Books

Soon by Jessica Love

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Hey Everyone!

My husband is in the Royal Australian Air Force, so I always read the little section in my kids’ school newsletter from the Defence School Transition Aide.  A few weeks ago I read an announcement that Jess Love had published a book called Soon, that was about children coping with a parent on deployment. With a little help from Google, I was able to get in touch with the publisher, Ian Gordon,  who is ex military and very helpful. He provided me with an ebook copy of Soon to review and helped me get in touch with Jess for an interview. I had the privilege of chatting to Jess and her mum on the phone and asked her a few questions.

Jess started writing Soon when she was thirteen. It was one of her English assignments, five pages long, with simple hand drawn illustrations. Jess didn’t think it was anything special and was a bit shy about showing it to her mum. When she did though, her Mum had an even more emotional response than I did.

Jess’s mum contacted Aaron Blabey, an author of several popular Australian children’s books, in relation to another matter, and included those five pages at the end of the email, just to show him what her daughter had done (proud mummy moment). A couple of days later, Aaron replied, saying how impressed he was with Jess’s work and asking if she could write another six pages. With support from Aaron, Jess tidied up her story and looked at getting it published. She found that many publishers were ageist, not believing that a girl of fourteen could write something they would want to publish, and many wouldn’t even look at an unsolicited manuscript. Scholastic was very supportive, helping her further develop her book, almost publishing it themselves, but deciding that it was to niche for them. They advised she look for a smaller publishing house. After finding Echo Books, Jess decided to illustrate the book herself. I think she did an amazing job. With some financial support from the Defence Health, Soon is now out in the big wide world. Several hundred copies have been provided to children whose parent is deployed. At fourteen years of age, Jess was able to celebrate the official book launch of Soon on Friday, at Campbell Primary School, attended by the Chief of the Defence Force.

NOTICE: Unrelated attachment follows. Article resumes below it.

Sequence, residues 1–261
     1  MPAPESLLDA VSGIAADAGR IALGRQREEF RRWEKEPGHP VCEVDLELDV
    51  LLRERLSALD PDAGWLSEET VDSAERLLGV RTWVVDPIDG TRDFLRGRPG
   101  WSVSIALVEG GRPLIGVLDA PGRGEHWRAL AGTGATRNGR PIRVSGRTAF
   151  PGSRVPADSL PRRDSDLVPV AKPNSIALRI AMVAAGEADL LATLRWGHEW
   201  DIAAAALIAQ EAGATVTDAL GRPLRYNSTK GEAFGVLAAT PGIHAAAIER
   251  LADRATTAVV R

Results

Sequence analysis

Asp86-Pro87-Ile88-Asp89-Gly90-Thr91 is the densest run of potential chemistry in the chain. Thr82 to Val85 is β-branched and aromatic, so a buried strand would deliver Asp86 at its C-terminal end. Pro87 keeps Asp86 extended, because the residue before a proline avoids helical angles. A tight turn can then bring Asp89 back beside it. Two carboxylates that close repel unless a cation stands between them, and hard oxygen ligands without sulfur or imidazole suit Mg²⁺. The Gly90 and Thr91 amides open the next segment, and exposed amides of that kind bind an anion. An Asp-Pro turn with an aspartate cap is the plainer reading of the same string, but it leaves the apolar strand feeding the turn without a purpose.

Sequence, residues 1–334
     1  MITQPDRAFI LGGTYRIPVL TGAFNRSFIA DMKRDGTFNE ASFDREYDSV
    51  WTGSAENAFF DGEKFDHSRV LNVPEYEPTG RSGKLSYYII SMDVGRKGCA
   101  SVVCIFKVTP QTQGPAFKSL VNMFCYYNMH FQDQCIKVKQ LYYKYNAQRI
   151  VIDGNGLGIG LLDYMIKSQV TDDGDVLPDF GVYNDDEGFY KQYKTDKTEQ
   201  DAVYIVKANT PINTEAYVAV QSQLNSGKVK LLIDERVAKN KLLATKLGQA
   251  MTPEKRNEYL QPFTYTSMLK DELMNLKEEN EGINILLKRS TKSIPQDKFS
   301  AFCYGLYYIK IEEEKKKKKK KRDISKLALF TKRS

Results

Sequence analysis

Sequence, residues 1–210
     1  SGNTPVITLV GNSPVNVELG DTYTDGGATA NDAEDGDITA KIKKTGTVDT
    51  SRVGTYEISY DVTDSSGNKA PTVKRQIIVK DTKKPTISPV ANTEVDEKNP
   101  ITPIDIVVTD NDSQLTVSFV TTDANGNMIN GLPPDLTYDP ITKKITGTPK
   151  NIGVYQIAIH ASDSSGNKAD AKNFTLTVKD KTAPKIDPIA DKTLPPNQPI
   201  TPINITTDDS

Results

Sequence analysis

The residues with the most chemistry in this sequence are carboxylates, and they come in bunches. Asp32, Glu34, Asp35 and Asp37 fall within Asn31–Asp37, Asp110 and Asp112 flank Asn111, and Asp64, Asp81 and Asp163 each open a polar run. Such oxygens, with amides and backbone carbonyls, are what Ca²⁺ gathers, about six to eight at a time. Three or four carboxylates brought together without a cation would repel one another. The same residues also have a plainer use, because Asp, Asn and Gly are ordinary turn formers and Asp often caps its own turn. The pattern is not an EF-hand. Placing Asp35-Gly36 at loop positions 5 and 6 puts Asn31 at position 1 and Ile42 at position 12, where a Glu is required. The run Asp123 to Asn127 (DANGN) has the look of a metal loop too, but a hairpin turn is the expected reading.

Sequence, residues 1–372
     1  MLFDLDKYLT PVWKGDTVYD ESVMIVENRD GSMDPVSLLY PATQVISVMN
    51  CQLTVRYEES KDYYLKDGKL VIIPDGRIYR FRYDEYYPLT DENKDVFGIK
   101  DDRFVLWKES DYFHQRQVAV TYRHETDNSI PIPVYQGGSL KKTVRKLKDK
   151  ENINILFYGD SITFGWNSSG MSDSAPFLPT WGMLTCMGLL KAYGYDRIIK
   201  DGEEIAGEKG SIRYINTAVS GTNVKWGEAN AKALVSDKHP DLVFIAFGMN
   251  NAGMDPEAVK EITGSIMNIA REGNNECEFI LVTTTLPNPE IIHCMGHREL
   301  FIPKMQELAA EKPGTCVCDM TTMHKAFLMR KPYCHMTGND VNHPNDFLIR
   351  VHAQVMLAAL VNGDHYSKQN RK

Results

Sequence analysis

The official book launch for Soon

Jess’s tip for people wanting to write a book is “Don’t think you’re not good enough” and “Never give up”.

Jess told me that when kids are missing their parents, it is great to know that you’re not alone. To know that other kids are in the same situation and feeling the same way. To understand that what they are feeling is normal. Jess told me that it can be hard to talk to your parents sometimes, so a technique that might help is writing letters to get all your feelings out on paper. You don’t have to send the letter; it’s a way of helping yourself to understand how you feel.

 Jess is currently working on her next book, titled Sometimes. It will be a similar story to Soon, but delving deeper into the emotions evoked by separation and from an older child’s perspective.


Soon by Jessica Love


Soon is the powerful story of a little girl whose Dad deployed with the Australian Defence Force for over a year.

Evoking feelings of sadness, happiness, confusion, anticipation and hope, Soon provides an insight to the range of emotions a child may feel when a parent or loved one is away for any length of time.


A relative measure of time, soon can take but a heartbeat when deployment is looming or drag on for eternity when loved ones are due home.



Hey! Here's my review.


I was really impressed with the book and illustrations, and completely blown away when I discovered that Jess was only 13. The story is about her experience when she was seven.  Having a child of a similar age and knowing my husband with probably going away for several months in the not too distant future, it tugged at my heart strings. I tried to read it aloud to my mum when she was visiting last week, but the lump in my throat stopped me after about three pages.


The simple, repetitive prose would appeal to younger primary school children. This would be the perfect book to spark conversation about being temporarily separated from a parent and the way that makes you feel.

Sometimes soon comes too quickly, and sometimes it doesn't come quickly enough.



★★★★★ 


  • Where: Requested from publisher
  • Format: ebook



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